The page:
Santiago Levy is a nonresident senior fellow with the Global Economy and Development Program at Brookings and president of the Latin American and Caribbean Economic Association. From 2008 to 2018 he was the vice president for sectors and knowledge at the Inter-American Development Bank. From 1994 to 2000, he served as the deputy minister at the Ministry of Finance and Public Credit of Mexico. He has also held the following positions: general director, Mexican Social Security Institute: Dec 2000–Oct 2005; president, Federal Competition Commission: Jun 1993–Dec 1994; director for deregulation, Ministry of Industry and Trade: Feb 1992–Jun 1993; associate professor of economics (tenured), Boston University: Sept 1989–May 1993; director, Institute for Economic Development, Boston University: Sept 1989- Aug 1990; assistant professor of economics, Boston University: Sept 1983–Aug 1989; visiting researcher, Cambridge University: Jan-Dec 1981; economics professor, Instituto Tecnológico Autónomo de México: Feb 1979-Dec 1982. Mr. Levy has received the following awards: first place, National Research Prize in Economics, granted by Banco Nacional de México for his article “Poverty in Mexico;” first place, Latin American Economics Prize, granted by El Trimestre Económico for his article “Multiple Exchange Rates and Foreign Exchange Rationing.” Mr. Levy has published six books, 24 articles in academic journals, and 20 book chapters on economic growth and productivity, social policy, informality, education, budgetary and tax policy, trade policy reform, rural and regional development, competition policy, labor markets, and policies for poverty alleviation. His latest book on economic growth in Mexico, “Under-Rewarded Efforts, The Elusive Quest for Prosperity in Mexico,” was published in 2018 by the Inter-American Development Bank.
Frances Hagopian is Jorge Paulo Lemann Senior Lecturer on Government. She specializes in the comparative politics of Latin America, with emphasis on democratization, political representation, political economy, and religion and politics. Hagopian is author of Reorganizing Representation in Latin America (2014, Cambridge University Press), editor of Religious Pluralism, Democracy, and the Catholic Church in Latin America (University of Notre Dame Press, 2009), co-editor (with Scott Mainwaring) of The Third Wave of Democratization in Latin America: Advances and Setbacks (Cambridge 2005), and author of Traditional Politics and Regime Change in Brazil (Cambridge University Press, 1996) and numerous journal articles and book chapters. Her current work focuses on the establishment of a social welfare regime in Brazil, and the political economy of inequality in Latin America. She previously taught at the University of Notre Dame, where she was Director of the Helen Kellogg Institute for International Studies, as well as Tufts and Harvard Universities. She has also been a visiting professor at the London School of Economics and the Massachusetts Institute of Technology, and an Associate Member of Nuffield College, Oxford.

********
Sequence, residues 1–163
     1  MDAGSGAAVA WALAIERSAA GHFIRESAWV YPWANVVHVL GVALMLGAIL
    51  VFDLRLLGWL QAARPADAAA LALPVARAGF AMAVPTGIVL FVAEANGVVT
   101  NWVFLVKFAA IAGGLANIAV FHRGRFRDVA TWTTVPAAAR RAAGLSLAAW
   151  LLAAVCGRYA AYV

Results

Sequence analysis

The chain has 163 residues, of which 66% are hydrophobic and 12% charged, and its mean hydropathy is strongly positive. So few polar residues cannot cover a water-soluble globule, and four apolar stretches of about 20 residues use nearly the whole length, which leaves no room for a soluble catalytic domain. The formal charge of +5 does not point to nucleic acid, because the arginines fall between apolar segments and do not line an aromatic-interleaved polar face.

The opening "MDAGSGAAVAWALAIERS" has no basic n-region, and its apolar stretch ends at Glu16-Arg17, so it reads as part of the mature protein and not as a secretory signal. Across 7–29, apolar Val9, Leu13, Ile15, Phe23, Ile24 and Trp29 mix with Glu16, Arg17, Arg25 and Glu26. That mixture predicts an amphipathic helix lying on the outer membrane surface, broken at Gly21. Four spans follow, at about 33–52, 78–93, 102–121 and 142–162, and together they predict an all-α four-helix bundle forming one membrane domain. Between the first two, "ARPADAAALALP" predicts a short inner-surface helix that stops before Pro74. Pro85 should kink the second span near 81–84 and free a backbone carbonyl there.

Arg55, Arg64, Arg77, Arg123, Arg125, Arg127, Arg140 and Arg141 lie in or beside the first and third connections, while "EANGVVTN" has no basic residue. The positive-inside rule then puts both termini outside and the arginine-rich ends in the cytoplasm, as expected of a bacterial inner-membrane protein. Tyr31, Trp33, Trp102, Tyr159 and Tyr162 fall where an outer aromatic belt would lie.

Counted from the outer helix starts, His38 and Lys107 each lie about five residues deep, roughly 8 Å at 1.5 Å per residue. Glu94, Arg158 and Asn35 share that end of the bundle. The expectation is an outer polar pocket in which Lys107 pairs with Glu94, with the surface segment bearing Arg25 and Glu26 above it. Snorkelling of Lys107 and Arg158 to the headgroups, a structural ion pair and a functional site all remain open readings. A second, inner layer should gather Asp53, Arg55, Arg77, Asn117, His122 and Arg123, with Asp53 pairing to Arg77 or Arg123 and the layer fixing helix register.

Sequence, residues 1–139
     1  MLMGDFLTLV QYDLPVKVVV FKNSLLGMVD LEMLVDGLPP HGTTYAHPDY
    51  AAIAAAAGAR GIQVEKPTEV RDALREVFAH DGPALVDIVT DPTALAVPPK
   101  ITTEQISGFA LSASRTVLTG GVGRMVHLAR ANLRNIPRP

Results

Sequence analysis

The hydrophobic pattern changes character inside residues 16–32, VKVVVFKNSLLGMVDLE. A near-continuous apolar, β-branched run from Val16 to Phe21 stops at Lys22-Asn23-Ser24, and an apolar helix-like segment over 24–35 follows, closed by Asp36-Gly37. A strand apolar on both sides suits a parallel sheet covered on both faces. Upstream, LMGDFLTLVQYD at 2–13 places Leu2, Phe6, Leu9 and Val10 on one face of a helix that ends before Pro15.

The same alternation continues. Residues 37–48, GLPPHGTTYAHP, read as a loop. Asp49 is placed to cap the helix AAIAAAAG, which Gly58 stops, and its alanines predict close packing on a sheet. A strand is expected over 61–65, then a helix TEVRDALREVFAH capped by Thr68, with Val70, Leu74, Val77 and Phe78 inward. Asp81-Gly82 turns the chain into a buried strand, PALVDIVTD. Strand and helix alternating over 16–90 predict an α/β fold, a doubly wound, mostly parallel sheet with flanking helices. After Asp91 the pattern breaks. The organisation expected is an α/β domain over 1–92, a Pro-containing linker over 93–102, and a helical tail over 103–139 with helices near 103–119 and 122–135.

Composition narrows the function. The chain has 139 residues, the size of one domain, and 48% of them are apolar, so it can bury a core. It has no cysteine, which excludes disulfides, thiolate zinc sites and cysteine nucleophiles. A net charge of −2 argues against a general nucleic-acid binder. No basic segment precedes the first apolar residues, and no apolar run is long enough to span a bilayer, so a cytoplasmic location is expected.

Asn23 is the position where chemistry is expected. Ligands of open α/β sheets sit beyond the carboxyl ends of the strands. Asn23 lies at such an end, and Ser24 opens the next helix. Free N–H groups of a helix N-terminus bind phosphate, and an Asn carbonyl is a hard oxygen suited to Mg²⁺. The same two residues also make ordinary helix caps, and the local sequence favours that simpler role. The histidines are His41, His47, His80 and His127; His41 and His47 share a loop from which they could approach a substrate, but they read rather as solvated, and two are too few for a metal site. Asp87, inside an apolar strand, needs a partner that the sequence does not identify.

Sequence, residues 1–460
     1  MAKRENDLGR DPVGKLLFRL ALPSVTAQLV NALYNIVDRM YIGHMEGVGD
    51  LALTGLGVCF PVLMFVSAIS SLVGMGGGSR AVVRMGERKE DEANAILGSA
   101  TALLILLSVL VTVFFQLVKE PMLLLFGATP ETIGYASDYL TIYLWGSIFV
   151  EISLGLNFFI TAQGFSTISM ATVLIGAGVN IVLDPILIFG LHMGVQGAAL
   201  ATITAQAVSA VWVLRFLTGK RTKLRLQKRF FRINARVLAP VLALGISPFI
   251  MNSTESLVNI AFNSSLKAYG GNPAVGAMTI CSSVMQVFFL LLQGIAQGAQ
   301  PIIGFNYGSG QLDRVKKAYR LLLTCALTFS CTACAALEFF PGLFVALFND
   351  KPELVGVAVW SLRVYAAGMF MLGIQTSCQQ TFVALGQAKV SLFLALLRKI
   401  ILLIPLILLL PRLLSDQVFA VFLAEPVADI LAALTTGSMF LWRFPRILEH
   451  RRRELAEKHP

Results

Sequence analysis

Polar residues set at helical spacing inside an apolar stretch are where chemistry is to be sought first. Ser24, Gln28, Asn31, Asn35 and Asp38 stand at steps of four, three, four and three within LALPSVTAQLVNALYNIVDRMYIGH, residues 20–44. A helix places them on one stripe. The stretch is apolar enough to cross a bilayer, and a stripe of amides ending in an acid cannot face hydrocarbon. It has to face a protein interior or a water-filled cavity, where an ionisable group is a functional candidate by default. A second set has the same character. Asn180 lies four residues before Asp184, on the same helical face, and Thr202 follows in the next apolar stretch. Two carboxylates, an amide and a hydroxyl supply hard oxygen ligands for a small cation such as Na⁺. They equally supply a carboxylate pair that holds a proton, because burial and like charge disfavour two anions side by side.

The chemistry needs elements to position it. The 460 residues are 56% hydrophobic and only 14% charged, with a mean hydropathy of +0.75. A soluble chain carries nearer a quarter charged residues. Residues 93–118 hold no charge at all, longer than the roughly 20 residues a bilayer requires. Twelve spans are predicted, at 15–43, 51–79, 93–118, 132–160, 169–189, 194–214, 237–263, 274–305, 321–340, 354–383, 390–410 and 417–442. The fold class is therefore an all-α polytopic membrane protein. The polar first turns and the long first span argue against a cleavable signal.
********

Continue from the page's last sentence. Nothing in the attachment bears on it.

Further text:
Presented in collaboration with Weatherhead Center for International Affairs